Chemistry and cooking are pretty similar, at least to Mike Natchus.
He walks through a lab in Atlanta and stops at a fume hood, a ventilated enclosure that sucks up dangerous gases, where he picks up a small glass container.
“A lot of what we do looks like you’re working in a kitchen,” Natchus, who works at the Emory Institute for Drug Development, says. “Instead of working with pots and pans, we’re working usually with little flasks and little vials.”
Natchus says, like cooks, chemists often take different ingredients and mix them to create something new.
‘No Virus, No Disease’
That’s how a drug called EIDD 2801 was made. Its name comes from that of the Emory Institute of Drug Development, the university-owned biotechnology company where it was created.
Natchus and others wanted to develop something that disrupted how viruses make more viruses. They took a key part of the viral genetic code and made minor changes.
“But that’s an error,” Natchus explains. “Now, [the virus] can’t replicate anymore. It doesn’t work. It’s broken. We just broke it.”
“It’s a very simple principle: no virus, no disease,” George Painter, president of the Emory Institute for Drug Development, says. “Or [EIDD 2801] limits the amount of virus on board to a level that’s not sufficient to cause clinical signs and symptoms.”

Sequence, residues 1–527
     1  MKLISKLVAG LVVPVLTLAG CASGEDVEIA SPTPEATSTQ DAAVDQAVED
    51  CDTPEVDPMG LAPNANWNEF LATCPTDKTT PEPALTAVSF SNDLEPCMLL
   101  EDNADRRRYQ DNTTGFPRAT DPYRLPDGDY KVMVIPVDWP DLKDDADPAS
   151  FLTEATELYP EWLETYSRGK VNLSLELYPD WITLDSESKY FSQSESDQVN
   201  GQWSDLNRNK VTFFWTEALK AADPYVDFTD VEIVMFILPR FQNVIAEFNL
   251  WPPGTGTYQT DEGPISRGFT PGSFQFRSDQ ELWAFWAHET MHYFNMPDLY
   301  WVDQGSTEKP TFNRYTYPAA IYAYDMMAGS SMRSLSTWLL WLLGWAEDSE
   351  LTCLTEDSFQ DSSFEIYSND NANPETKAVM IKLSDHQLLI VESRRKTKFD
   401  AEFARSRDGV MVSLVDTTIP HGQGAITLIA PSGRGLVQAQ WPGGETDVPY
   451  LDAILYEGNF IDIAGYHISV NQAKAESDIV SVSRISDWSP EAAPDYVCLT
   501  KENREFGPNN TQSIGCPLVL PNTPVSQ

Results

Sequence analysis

Fighting Different Viruses With One Drug
Painter says he started working on the antiviral drug in 2013 after he was approached by the Defense Threat Reduction Agency. At the time, the federal agency was looking for a way to fight Venezuelan equine encephalitis, a sometimes-fatal viral disease that causes brain swelling.
The FDA has already shown a willingness to fast-track tools for the current coronavirus outbreak. Earlier this month, it issued an “emergency use authorization” for a diagnostic test for the 2019 novel coronavirus developed by the Centers for Disease Control and Prevention.
Looking For ‘The Lowest-Hanging Fruit’
Testing out treatments that are already in development is likely faster than starting from scratch with a brand new drug, says Dr. Amesh Adalja, with the Johns Hopkins Bloomberg School of Public Health.
“The first thing to do is take the lowest-hanging fruit, which are other antivirals that may have activity against this virus,” he said.
“[These broad-spectrum drugs] can be useful,” Adalja says. “We have many different viral threats, and if something can work against more than one, it can serve multiple purposes.”
But antiviral drugs do have limitations, says Stephen Morse, who studies infectious diseases at the Mailman School of Public Health at Columbia University.
For one, you have to know who needs them.
“If you can target people who are infected and might be able to transmit to others, it could have a very large effect in reducing the epidemic,” he explains. “But it’s hard to diagnose everybody.”
Morse says antiviral drugs can be beneficial for people who get sick, but cautions they’re not preventative like vaccines. Quickly making enough medication to treat lots of people can also be a challenge.